Registration in Tembisa appears uneven. In Ward 4, residents say their ANC councillor is visible in the area. Registration levels are around 100%, but in Ward 89, only 48% of 35 000 eligible voters registered.
A taxi driver says most of his colleagues were too busy to register; several residents complain of having no identity documents.
Thomas Ramahlo lives in a shack settlement in Zone Six in Winnie Mandela. He earns money by renting out a portion of his yard to local businessmen (a spaza shop and a public phone container). He is registered and "voted twice in the Mbeki era, but with this election I’m not so sure".
Ramahlo's complaints have been smouldering. "I have also voted in three local government elections. During a recent protest last year, our councillor, in anger, told us that we'll use pit toilets until Jesus comes. We've protested quite a few times here over toilets; we even threw shit on the streets.
Raw sewage flows past a taxi driver while he washes his taxi. (Oupa Nkosi, M&G)
"Mondli Gungubele, the mayor, came to speak to us. We also wanted temporary electricity for which we were willing to pay because kids couldn't walk to the library in the evenings. It is too dark in the streets and there are some bushy areas."
When asked about the EFF posters on the walls of his shack, Ramahlo says: "They just asked me to plug the posters here because it's near a busy street. They said I wasn't forced to vote for them."
The shacks in Zone 6 are separated by narrow, unpaved streets that are slippery with mud in the rainy season. In one lane, in a yard with two shacks that share a corner of the property, Rose Mabaso, in her late 20s, is upfront about why she is an ANC loyalist.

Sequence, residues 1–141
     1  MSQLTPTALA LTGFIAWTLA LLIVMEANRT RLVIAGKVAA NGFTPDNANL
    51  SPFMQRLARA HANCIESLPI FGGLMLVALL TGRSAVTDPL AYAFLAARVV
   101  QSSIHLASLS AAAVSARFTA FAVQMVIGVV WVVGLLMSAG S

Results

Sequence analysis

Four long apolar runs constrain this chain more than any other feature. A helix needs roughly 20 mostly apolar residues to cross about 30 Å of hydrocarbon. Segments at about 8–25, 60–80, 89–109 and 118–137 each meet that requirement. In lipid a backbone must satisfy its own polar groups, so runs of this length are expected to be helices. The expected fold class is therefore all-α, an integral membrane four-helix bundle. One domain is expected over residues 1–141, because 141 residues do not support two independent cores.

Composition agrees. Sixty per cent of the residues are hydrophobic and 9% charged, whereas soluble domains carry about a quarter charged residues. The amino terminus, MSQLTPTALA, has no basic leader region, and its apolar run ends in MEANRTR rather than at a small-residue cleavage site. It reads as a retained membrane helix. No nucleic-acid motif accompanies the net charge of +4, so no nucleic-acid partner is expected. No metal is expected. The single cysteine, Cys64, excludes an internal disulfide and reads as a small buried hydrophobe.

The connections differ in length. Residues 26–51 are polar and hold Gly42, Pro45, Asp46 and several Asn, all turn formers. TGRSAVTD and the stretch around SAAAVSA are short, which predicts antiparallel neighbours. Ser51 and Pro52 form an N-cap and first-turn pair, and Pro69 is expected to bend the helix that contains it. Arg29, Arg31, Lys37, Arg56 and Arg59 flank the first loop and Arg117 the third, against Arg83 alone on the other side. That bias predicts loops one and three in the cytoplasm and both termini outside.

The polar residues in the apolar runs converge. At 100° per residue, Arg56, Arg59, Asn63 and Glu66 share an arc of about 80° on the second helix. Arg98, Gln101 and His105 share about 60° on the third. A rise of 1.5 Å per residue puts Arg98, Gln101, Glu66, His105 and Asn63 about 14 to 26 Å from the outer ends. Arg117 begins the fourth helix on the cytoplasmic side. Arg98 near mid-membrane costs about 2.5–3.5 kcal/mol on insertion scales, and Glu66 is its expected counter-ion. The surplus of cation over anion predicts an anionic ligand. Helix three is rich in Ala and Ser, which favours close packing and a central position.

"I voted in 2009, that was the first time I was of voting age," she says, seated atop an empty 25-litre PVC container. She is dressed in a bright-yellow "Vote ANC" T-shirt, like the ones handed out at the recent rally in Makhulong stadium.
It is mid-afternoon and the small earthen yard is filled with toddlers and adult women of different ages.
"A lot of my peers didn't [vote]. For some, it was a simple thing of not having IDs, but I can't answer for others. For me, voting is important because I can see the changes," Mabaso says.
"I have a child in grade three at Winnie Mandela Primary School and his school uniform is free. He has a lunch box that he takes to school, where he gets a meal. He gets free textbooks. During school holidays, like this coming Good Friday, they give them food to bring home. So if Malema is enticing people with big promises, it’s because he found the ANC already doing things and merely promises to do more."